Time Management for Music Makers

Recording Connection grad Isaac Wolfe, VP of Record Plant (Hollywood, CA)

From being someone who’s opening a digital audio workstation (DAW) for the first time, to operating as a seasoned professional, time management is of vital importance to all of us. Everyone deals with distractions, brick walls, and not enough hours in the day. But there are ways to plan those hours out, stay on schedule, and keep from wasting too much time.

Make a Plan

Whether you’re trying to learn Ableton for the first time or you’ve been mixing and mastering for years, you’ll need to stick to a schedule for the month, the week, and on a daily basis. If you have three clients coming into your studio, make sure you have their work queued up and ready to go.

Nothing screams unprofessional like an engineer fumbling around his desktop looking for a file (more on that later). An amateur needs the same attention to detail, just at a different level. Set goals for yourself every day. It could be adding samples to the stage, understanding beats per minute (BPM), and a filing system that’s easy to follow.

When it comes to planning, take your time. Spending a few extra minutes on your schedule could save hours on the back end. That’s when time management really pays off. After all, relaxed and focused is much better than lost and frustrated. Those emotions can negatively impact the quality of your work. Get organized and stay organized so that a cool head can prevail.

File Management

We touched on this little bit earlier. Creating a file system, and sticking to it, will go a long way to saving minutes every hour. Searching for a particular sample or unfinished song – especially with an artist in studio – because you can’t remember the naming structure you used three months ago is not a good look.

It doesn’t have to be difficult and your own filing system may go through a few iterations before you’ve got it the way you want it. Understanding the best naming convention requires thinking of your workflow, your clients’ needs, and the various kinds of projects you work on (as well as all the individual pieces of which they are made). But keep it simple to start: artist/album/song and the date, which is often a crucial bit of info, should make it easy to find exactly what you’re looking for.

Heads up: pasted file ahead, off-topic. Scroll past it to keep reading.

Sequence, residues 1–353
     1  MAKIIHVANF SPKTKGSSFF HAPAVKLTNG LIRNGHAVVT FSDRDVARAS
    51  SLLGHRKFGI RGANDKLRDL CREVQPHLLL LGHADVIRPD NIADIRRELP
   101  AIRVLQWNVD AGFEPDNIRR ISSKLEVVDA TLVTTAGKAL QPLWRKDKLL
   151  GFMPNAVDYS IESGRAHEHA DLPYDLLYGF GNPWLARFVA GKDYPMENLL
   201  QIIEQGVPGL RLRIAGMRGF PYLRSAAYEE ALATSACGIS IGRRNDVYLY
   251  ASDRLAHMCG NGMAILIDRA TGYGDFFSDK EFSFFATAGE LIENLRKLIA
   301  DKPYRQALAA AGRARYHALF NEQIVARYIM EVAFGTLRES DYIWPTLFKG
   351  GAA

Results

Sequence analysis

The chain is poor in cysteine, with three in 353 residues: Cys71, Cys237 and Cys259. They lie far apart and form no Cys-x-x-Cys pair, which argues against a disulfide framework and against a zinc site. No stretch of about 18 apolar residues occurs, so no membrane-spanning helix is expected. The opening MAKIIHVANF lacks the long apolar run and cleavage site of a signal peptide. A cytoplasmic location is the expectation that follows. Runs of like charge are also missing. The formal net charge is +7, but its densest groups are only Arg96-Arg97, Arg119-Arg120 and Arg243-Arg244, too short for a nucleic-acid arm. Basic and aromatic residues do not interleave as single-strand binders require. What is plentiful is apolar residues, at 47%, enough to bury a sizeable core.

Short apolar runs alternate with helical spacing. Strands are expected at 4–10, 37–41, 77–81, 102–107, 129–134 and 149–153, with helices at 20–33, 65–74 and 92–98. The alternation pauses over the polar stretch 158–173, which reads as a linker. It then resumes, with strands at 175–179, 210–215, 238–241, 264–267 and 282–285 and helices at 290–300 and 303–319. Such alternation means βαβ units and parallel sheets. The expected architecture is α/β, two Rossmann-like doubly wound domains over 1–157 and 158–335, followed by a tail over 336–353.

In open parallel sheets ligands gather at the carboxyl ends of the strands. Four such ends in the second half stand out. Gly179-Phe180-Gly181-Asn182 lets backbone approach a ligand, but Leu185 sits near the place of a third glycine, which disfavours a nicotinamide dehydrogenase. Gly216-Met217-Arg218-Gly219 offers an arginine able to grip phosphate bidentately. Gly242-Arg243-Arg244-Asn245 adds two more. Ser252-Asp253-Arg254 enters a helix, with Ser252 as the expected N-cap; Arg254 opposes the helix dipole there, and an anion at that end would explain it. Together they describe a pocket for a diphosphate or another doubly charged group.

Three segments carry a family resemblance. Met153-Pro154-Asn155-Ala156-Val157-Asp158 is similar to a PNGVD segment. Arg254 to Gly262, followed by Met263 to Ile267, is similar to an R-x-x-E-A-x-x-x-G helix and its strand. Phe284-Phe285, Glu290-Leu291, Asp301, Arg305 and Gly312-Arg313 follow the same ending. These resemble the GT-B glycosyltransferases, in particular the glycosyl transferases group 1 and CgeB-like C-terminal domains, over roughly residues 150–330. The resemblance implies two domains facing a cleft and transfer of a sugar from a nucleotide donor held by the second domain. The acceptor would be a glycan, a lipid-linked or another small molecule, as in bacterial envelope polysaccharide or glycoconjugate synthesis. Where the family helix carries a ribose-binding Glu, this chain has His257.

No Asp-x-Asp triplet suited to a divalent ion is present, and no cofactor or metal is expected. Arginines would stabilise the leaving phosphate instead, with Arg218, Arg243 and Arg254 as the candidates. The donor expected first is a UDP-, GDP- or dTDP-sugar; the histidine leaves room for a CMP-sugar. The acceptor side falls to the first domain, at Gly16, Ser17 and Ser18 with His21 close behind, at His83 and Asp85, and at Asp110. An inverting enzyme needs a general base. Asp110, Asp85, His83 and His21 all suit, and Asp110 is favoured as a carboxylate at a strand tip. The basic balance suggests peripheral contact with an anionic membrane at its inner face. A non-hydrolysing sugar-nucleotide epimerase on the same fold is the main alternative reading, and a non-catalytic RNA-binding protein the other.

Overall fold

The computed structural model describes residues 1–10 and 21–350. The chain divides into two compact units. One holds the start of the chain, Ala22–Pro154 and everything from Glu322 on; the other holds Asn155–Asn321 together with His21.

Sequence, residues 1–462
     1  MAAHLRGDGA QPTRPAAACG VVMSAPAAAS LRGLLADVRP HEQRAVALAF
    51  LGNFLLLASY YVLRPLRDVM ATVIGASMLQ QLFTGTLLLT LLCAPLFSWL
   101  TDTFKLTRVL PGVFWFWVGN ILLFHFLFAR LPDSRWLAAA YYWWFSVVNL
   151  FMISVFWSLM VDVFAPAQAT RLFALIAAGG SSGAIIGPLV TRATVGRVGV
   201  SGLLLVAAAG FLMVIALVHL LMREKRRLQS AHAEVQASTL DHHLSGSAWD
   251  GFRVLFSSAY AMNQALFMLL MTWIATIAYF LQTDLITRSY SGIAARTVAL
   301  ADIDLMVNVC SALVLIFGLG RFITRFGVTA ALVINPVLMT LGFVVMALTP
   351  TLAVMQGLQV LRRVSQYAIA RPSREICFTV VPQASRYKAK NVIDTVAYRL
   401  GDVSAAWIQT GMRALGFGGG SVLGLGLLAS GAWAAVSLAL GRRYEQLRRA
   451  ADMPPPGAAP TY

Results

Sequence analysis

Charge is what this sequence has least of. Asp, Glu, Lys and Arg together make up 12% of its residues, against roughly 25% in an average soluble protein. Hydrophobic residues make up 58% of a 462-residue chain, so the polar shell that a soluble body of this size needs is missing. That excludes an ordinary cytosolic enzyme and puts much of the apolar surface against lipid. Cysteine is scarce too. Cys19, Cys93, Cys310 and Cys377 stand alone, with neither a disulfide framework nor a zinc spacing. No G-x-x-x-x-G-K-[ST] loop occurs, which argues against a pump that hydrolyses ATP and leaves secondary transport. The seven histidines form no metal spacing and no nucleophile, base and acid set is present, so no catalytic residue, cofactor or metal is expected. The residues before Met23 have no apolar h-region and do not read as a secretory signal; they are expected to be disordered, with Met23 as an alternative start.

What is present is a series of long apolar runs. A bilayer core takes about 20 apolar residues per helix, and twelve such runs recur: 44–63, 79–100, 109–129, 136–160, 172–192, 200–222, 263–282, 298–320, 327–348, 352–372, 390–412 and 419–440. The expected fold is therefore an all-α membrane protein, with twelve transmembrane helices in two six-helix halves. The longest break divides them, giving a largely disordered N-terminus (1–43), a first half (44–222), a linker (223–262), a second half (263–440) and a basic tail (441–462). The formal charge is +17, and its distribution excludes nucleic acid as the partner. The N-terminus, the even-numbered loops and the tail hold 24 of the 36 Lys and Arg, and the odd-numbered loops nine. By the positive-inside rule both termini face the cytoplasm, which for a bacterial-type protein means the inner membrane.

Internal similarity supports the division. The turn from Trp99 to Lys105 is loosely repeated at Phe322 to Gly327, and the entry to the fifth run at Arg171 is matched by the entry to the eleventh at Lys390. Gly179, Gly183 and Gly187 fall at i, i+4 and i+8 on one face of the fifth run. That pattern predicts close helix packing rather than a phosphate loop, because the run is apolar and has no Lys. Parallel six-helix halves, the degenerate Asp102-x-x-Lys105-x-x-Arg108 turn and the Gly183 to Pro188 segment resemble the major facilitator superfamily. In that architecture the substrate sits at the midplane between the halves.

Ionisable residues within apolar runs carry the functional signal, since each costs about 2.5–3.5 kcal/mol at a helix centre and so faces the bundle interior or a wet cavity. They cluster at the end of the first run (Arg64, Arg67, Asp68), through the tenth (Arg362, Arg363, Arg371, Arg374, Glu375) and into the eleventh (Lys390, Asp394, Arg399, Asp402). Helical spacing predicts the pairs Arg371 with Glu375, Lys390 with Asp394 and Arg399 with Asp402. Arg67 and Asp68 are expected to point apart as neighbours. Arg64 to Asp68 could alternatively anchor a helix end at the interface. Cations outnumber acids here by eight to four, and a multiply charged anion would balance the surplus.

For beginners learning a DAW, the process can be simplified even further. For optimal efficiency, consider using external hard drives to store your music, keeping your main computer free of clutter.

When You Get Stuck

When you’re creating masterpieces, time has no meaning. It flows right along with you, riding the waves of inspiration. You may have spent four hours on a song but each second was a note of beauty. However, there are going to be those times when inspiration is playing hard to get and you waste a ton of time chasing it.

Or playing with your phone, goofing around on social media, or being distracted by every little thing. You need to turn the phone to airplane mode, hole up somewhere, and just work, push, and grind it out. Will it be great? Maybe. Maybe not. But at least you’ll have something recorded that can be improved upon a few days later with fresh ears.

What might seem like a waste of time today could be a flash of brilliance tomorrow. Although it seems counter-intuitive, taking a break from the process may be all you need. Instead of pounding your head against a figurative wall, consider throwing a tennis ball off a real wall for a few minutes.

Think about what’s missing while concentrating on catching the ball off the rebound. By working different parts of the mind and body, you could dislodge whatever is blocking your mind. Limit this time to 15 or 20 minutes, though – you’re still on the clock after all.

Take Advantage of Down Time

Everybody needs to step back and breathe during a 24 hour period. Going for a jog, playing basketball, taking a long drive – whatever it takes to recharge. You could jumpstart your brain into a new way of thinking, so have your phone at the ready to record yourself talking through a problem. And keep your eyes on the road.

When you’re not in the studio, but still have access to a laptop, this also an ideal time to update your social media. As an established music producer, keeping your brand updated is one of the more important tasks you’ll have during the day. Fans and those in the industry will want to know what you’re working on, so give them a taste.

Even spending the few minutes between sets can give you time to tidy up your work area or studio can give the next session a clean feel, wiping the slate clean so to speak. Music production is almost as much about managing your time as it is working with clients. If you can’t organize your own life, how can you organize the work of a touring act?

Learn In a Live Setting

Recording Connection offers programs in Audio Editing & Music Production, Ableton and Logic Pro Electronic Music Production, Beat Making, and other music disciplines. What sets us apart from 4-year universities or trade schools is the classroom itself: A real-world, working studio where you’ll be mentored by an industry professional.

Our curriculum is based on how studios work on a day-to-day basis. From setting up the studio and running cables to collaborating with touring artists, our externs get experiences, opportunities, and perspectives just not available in a traditional classroom. Ready to Amplify Your Life?

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